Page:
When many Schenectady students speak about gun violence – as they did during a walkout and rally Wednesday morning – they do so from experience.
T’azhane’ McCullin, an 11th-grader, fought back tears as she described how her brother’s uncle was shot and killed on her brother’s birthday. Blessin Green’s dad was shot and killed in Brooklyn when she was 10.
“He was always smiling — no matter what, he was trying to get a better life,” Green, also an 11th-grader, said of her father.
Schenectady students see the impacts of gun violence in their everyday lives. They know victims and perpetrators. They live with the fear that, at any moment, a stray bullet can end their lives or a loved one’s life.
“We shouldn’t have to be scared to go outside, go to school, go to our little cousin’s birthday party,” said 11th-grader Jorianna Graham. We shouldn’t be scared to do these things — everyday things that everybody else gets to do, but why can’t we?”
Hundreds of Schenectady High School students streamed out of class and school Wednesday morning, gathering in the school’s back parking lot to recognize victims of a Florida school shooting and to acknowledge Schenectady’s own victims of gunfire.
Seventeen students stood at the front of the gathering holding signs adorned with the names of 14 students and three school employees who were killed in the Florida school last month. Each student read the name of the person they represented. The names — along with short biographies of the victims — were read in a matter of moments.
“My name is Alyssa Alhadeff. I was 14 years old. I played soccer for Parkland travel soccer and attended camp Coleman,” one student said. “My name is Martin Duque Anguiano. I was 14 years old. I was loved by my family and older brother Miguel,” another said.
Students in schools across the region and the country carried out similar walkouts, protests and rallies as part of a nationwide stand of solidarity.
But in Schenectady, students and teachers have known their own victims of gun violence — not the victims of a single massacre, but the victims of regular gun-related incidents. Don’t forget those victims, too, the students said.
“To those we have lost: You’re remembered, and your legacy continues to live on,” said Ja’Deana Cognetta-Whitfield, whose cousin Terrill Reese was shot to death when he was 18.
“I felt the world literally shift under my feet,” she said of the moment her grandma told her Reese had been killed. “I had just seen him a few weeks prior. He hugged me, told me to be safe and to stay out of trouble. How could this be possible?”
She described — standing with crowd of students and staff — her gradual awakening, as a young child, to the reality and prevalence of guns in her community.
“We must stop normalizing gun violence in our community,” she said. “It’s not normal to have a memorial site on every corner of a street. It’s not normal that we have to have this mindset that we aren’t safe in our own city — in our own home.”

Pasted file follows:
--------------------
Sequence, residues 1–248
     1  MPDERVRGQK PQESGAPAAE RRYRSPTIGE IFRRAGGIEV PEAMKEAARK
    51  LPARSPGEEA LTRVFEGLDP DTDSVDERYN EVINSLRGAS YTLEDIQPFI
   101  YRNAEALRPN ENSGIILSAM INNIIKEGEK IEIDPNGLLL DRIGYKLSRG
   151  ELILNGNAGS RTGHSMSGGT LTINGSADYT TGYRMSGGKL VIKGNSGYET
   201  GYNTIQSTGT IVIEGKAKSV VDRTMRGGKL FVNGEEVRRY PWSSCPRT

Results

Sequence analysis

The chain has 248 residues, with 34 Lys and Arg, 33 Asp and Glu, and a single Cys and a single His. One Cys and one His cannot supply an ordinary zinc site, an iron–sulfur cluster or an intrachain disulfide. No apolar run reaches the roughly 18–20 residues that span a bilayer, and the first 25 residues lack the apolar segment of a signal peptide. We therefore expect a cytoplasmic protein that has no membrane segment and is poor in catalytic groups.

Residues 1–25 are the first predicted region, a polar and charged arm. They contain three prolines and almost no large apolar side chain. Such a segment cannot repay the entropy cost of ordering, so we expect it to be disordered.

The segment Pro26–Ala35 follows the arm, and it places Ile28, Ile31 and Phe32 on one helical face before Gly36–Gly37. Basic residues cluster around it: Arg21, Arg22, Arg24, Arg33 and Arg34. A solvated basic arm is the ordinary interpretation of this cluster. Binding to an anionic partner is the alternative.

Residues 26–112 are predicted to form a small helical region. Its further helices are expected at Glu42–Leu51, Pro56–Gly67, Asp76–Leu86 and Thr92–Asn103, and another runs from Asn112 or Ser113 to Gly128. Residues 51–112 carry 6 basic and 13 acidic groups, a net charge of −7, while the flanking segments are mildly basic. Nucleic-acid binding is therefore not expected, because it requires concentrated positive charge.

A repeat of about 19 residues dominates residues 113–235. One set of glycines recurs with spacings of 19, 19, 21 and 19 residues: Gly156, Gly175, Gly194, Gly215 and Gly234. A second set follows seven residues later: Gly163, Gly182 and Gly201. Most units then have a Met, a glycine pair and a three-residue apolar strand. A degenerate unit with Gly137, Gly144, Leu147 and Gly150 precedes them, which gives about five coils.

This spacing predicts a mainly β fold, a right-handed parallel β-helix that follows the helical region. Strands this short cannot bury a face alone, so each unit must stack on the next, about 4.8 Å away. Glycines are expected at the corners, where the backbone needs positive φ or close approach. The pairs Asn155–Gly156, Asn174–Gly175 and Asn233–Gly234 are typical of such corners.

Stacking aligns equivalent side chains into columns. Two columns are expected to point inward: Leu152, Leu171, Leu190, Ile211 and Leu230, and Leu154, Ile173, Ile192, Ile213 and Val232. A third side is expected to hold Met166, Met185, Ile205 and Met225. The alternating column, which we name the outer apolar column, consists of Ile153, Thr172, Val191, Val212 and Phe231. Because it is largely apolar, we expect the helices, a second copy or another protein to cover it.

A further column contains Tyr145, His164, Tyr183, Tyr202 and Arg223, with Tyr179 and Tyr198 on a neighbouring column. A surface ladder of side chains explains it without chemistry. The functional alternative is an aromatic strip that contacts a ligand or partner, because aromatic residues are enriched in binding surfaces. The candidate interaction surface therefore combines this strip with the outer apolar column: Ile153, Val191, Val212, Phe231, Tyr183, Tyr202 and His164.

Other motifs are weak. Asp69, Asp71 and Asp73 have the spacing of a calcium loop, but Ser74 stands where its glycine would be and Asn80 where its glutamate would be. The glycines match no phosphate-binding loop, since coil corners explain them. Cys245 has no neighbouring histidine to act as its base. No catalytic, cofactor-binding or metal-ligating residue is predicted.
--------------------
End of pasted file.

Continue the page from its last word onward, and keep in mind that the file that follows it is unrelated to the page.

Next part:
Students read the names of Reese and 16 other people from Schenectady who died in different forms of gun violence. The same students who, moments earlier, embodied victims from a faraway Florida community did the same for people from their hometown.
“Our dreams, our futures, our lives were all cut short due to gun violence,” one of the Schenectady students said after the 34th name had been read.
Teachers and administrators joined the students, following entire classrooms out of the building. The school’s leaders have supported the protest and sought to empower student activism.
“I’m thrilled to be able to support you,” said school Principal Diane Wilkinson, over the school’s intercom system Wednesday morning, before handing the microphone to student organizers.
Before the 10 a.m. walkout, art teacher Natalie Boburka talked briefly with her students about the importance of voting and sharing their views, connecting the day’s activism to class lessons about how artists around the world have expressed political views through their their work.
“You guys are going to vote in the future. You’re gonna’ fix this and keep us safe,” she told her class of about a dozen students. “This is about voting and your power.”
In Schenectady’s neighboring suburban districts, students have expressed fear in recent weeks that their schools could be the next to be terrorized by a shooting. In public meetings and forums with administrators, they have called for better school security and improved mental health services. Some Schenectady students said they wish their peers in nearby districts would do more to sympathize with Schenectady’s gun problems.
“At least try to understand. Even though they don’t, at least try, because it may seem like a distant situation to them, but this is what’s happening in front of our eyes, in our families, in our communities, in our schools,” said Jorianna Graham.
“We have to face this every day,” said 11th-grader Jeyona Clark, interjecting as her classmate spoke.
They aren’t asking for much, the Schenectady students suggested.
“I don’t want my kid to live in fear. I want my kid to live a normal life. I want them to go outside, have fun, play with their friends and not have to worry,” McCullin said of the world in which she hopes to raise a family one day.